I cannot speak to the accuracy of the meetearl.com page, but it does state ... Keeping in touch in the backcountry can be imperative. Earl includes a two-way radio to keep you connected, no matter where you are. Featuring a VHF and UHF transceiver (with support for GMRS, PMR446 and UHFCB), Earl connects to analog and digital radio frequencies up to 20 miles away. Send secure text or voice messages via Walkie-Talkie; even transmit weather, location, and route information. Signal for help, report fires or alert your group to changing conditions.
and ... Specifications: Android 4.4 • Flexible 6" E-ink screen (1024x758) • Sunlight viewable with lunar lantern mode • Glove friendly capacitve touchscreen • Waterproof shell • Solar charging • i.MX 6 DualLite 1GHz Cortex A9 • 1GB ram • 16GB memory + microSD • Wifi b/g/n • BT 4.0 • ANT+ • NFC • VHF/UHF transceiver (GMRS, PMR446, UHFCB) • GPS + GLONASS • Accelerometer • Gyroscope • Magnetometer • Temperature • Barometer • Humidity • AM/FM/SW/LW/WB • 20+ hour battery • 3.5mm TRRS headphone/microphone jack • Micro USB • Military grade secure lanyard • 400 grams (14.1 oz) • 178mm x 125mm x 15mm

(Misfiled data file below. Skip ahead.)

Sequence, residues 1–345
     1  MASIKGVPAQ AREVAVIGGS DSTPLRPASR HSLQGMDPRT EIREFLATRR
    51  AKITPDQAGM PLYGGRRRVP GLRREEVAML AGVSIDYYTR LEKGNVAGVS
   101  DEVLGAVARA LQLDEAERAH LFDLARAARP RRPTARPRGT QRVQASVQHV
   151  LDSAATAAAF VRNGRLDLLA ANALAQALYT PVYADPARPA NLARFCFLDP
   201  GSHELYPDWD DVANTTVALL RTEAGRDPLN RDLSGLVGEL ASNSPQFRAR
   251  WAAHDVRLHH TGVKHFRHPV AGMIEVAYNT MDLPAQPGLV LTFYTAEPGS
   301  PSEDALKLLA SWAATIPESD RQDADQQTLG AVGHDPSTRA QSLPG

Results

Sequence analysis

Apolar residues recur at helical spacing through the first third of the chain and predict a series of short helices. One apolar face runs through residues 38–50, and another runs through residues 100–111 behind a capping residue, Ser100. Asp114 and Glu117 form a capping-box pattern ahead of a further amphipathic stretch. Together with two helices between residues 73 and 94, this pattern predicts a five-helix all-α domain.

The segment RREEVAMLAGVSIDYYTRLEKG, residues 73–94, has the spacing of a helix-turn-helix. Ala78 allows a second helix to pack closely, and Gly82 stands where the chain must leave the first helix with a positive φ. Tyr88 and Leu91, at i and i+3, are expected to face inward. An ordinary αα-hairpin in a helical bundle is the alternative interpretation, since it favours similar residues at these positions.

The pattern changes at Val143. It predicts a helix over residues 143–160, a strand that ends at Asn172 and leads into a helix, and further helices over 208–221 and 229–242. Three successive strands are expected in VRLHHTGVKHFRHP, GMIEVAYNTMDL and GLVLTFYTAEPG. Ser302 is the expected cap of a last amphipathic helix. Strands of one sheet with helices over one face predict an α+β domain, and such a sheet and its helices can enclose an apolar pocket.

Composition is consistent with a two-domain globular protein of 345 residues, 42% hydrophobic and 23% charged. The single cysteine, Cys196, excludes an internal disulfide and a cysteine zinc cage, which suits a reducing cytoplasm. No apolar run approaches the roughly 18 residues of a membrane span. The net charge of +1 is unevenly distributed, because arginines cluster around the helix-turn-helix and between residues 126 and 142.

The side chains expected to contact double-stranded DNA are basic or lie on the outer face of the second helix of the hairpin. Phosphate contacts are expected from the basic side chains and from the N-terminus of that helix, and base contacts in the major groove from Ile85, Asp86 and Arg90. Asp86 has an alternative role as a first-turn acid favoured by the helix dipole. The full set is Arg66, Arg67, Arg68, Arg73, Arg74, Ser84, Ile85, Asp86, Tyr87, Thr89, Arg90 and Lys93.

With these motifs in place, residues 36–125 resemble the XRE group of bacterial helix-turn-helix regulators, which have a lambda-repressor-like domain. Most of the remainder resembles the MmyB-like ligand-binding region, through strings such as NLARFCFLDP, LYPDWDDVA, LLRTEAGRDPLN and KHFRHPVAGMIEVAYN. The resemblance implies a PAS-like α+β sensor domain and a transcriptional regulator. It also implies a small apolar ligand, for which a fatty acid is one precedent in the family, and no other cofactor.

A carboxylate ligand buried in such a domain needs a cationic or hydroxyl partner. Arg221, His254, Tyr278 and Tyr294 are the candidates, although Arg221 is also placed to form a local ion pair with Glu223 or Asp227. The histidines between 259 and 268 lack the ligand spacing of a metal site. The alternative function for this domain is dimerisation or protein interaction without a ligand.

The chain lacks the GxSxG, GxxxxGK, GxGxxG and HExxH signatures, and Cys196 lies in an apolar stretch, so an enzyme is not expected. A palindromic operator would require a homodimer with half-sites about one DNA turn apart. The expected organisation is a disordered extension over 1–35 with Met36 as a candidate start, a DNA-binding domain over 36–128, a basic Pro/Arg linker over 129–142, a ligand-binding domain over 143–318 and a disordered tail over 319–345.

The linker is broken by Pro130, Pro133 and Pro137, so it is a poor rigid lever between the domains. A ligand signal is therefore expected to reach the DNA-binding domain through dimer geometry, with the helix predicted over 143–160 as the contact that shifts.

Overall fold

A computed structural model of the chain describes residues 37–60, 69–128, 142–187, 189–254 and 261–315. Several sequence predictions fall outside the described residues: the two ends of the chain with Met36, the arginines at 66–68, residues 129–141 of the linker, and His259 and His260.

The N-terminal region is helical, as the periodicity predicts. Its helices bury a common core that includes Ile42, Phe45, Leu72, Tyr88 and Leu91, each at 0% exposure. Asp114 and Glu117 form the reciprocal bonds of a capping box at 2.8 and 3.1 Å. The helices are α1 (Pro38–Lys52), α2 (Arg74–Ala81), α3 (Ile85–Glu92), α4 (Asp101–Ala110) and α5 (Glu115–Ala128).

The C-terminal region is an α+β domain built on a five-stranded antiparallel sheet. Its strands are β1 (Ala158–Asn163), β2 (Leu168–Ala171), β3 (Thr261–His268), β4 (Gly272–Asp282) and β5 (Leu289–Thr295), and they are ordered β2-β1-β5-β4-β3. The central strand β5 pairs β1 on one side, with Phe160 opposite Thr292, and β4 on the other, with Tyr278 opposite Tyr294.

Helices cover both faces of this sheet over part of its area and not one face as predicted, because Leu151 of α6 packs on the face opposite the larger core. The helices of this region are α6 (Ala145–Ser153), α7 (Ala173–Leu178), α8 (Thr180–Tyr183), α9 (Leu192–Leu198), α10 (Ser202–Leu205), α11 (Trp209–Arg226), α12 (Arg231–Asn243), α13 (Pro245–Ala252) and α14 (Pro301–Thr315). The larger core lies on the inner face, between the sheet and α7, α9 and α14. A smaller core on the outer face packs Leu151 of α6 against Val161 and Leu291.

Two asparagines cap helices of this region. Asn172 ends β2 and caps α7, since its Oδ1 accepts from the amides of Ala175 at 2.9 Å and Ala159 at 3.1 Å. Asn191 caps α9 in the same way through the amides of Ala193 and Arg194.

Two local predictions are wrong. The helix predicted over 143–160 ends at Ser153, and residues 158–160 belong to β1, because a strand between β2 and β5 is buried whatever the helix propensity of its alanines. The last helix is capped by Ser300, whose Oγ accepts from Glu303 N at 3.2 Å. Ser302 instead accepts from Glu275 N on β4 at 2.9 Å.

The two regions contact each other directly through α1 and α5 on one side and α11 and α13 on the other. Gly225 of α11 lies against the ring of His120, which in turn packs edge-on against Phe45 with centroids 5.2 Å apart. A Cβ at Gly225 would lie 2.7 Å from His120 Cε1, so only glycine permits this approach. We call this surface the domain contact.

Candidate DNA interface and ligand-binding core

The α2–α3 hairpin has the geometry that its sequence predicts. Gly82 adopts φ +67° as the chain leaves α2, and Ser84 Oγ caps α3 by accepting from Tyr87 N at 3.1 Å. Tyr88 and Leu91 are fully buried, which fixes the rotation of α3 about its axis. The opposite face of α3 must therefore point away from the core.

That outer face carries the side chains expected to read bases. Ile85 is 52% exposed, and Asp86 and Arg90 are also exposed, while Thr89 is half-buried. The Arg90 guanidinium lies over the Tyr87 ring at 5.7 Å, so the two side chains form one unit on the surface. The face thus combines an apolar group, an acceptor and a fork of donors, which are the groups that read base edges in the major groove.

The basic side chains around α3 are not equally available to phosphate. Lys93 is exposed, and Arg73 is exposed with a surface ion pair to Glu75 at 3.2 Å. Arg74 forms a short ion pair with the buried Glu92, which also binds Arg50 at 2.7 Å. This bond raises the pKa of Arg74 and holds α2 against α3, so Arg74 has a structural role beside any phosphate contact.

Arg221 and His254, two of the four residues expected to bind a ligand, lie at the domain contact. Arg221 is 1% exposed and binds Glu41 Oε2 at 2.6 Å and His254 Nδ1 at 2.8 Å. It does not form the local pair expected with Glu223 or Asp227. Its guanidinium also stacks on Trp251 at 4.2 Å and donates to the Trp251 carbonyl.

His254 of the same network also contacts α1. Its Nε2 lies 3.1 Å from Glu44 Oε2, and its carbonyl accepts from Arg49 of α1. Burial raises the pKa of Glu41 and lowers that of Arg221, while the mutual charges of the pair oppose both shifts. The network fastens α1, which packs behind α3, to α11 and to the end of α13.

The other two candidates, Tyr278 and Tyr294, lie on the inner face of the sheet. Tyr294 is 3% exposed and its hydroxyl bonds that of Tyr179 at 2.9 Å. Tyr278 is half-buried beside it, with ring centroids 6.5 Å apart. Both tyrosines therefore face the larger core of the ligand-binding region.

And from the August 2014 update ... If the touch panel issues are resolved, we can finally go to certification. Pre-testing is underway, however a few details have presented themselves as we start to define the list of required certifications for each region. Previously we had done our research for the FCC, but since testing each region separately can be costly, we decided to certify all at once. We ran into a couple roadblocks, we decided to pull support for these PMR446 in Europe. CE only allows radios with 0.5w power with an integral antenna, voice only and no data. These requirements sort of kill communication the features of Earl. So for Europe we’re still releasing a VHF/UHF (2m/70cm) radio, however take note, users are required to be licensed. For Australia and New Zealand, Earl will be available in two editions, a UHFCB radio, open to anyone without a license as well as the VHF/UHF variant which again would require operators to be licensed. For the USA and Canada we’ll be releasing both a Part 90 certified VHF/UHF radio for licensed amateur radio operators as well as a Part 95a GMRS version for the use by the public. Officially, per FCC rules, GMRS does not allow data transmissions. However there has been some adjustments made for existing radios that meet certain requirements and waivers have been granted. Specifically the Rino line of GPS enabled radios by Garmin. GMRS radios that wish to transmit F2D data are limited to text and GPS messages over the 462 mhz bands. Though there is no guarantee that we can receive the same waiver, I spent the last week going back and forth with our testing facility discussing possible options. We plan to test for the MURS frequencies as a backup, that way we can still release a public version of Earl in the USA and Canada.